At what point should someone live in a nursing home?

Your loved one's disability has progressed to the point of jeopardizing their safety. Your loved one has wandered and been lost more than once. Other important responsibilities are neglected to the point of creating problems for you or your family. Our counselors help 300,000 families each year find the right care for seniors for their loved ones.

Nursing homes are places to live where care is available for people of all ages who need 24-hour nursing care and supervision outside of a hospital. While all nursing homes must provide certain basic services, some provide specialized care. For example, some nursing homes provide services to people with neurobehavioral disorders, some to those who rely on the ventilator, and others to people with AIDS. Some nursing homes specialize in caring for children.

Talk to the nursing home administrator, admissions director, or social work director what services are standard and what additional services might be needed and how much they cost. If you receive care at a hospital, your doctor and hospital discharge planning staff will help you organize your placement, hopefully in the nursing home of your choice. New York State regulations require that a hospitalized patient who is receiving Medicaid and who no longer needs hospital care, but requires nursing home care, be placed in the first available bed within a 50-mile radius of the patient's home. If you leave the nursing home or die, any amount paid to the nursing home that exceeds the cost of services already provided must be reimbursed.

Not all (and not many) older adults will be voluntarily admitted to a nursing home without some being convinced that it is the best solution for them. If your parents are going to a rehabilitation center in a nursing home, I recommend that you visit the center first before they are admitted. I often saw elderly people admitted to nursing homes not because they didn't have families, but because family members were at war with each other and simply couldn't work together to care for the elderly person. Some families who have a family member diagnosed with Alzheimer's think they're going to need a nursing home right away.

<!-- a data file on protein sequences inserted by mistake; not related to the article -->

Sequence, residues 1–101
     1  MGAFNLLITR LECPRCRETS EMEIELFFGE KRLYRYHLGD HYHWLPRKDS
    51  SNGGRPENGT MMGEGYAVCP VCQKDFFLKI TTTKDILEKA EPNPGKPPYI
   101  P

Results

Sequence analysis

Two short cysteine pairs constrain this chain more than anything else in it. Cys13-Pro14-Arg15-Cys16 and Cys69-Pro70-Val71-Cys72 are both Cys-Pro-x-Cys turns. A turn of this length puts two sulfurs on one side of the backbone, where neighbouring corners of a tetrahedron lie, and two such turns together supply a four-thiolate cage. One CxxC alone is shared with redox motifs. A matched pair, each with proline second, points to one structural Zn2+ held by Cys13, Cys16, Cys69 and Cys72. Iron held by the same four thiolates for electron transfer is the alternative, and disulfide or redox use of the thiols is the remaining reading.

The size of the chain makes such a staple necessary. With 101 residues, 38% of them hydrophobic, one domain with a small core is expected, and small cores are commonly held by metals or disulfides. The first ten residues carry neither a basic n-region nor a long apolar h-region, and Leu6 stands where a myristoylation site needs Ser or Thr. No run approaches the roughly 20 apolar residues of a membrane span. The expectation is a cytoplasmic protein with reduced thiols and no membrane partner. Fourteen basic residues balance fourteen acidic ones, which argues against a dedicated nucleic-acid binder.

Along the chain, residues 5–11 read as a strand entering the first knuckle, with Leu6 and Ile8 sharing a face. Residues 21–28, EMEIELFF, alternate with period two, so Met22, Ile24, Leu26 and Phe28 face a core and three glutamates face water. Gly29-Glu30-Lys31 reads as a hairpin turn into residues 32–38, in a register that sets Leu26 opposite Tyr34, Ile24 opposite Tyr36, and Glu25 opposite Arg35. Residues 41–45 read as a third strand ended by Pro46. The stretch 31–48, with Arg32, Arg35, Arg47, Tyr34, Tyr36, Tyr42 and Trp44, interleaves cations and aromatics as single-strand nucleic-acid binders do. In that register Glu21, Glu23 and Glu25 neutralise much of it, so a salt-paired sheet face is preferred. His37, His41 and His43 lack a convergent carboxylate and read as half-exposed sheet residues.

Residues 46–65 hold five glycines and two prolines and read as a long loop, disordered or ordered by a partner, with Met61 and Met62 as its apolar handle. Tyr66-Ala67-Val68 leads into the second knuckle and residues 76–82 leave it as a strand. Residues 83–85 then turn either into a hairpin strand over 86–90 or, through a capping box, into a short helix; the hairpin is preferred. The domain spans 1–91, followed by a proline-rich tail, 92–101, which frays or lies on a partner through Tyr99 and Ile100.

The moral or religious philosophy of some nursing homes may conflict with their wishes about advance directives. Not everyone who is older or older will need the support and care offered by living in a nursing home. Being in a nursing home will mean that there is a team around you that will be available at all times to check that you are taking medications. It's important to make the decision that a nursing home is the right place for you and look for different homes to identify the ones that best suit your needs, from the services they offer to your cultural environment.

Nursing home staff are experienced in caring for older adults with mobility problems, and facilities are designed to minimize safety risks. However, people with Alzheimer's who also have other serious and difficult to control health complications, such as uncontrolled diabetes or heart and lung problems that require supportive devices, may benefit from nursing home care. While many older people live in a skilled nursing facility for a long time, they can also go to a nursing home temporarily to recover from a major health problem. Anyone who needs care in a nursing home should be able to enter any nursing home and receive appropriate care, be treated with courtesy, and enjoy ongoing civil and legal rights.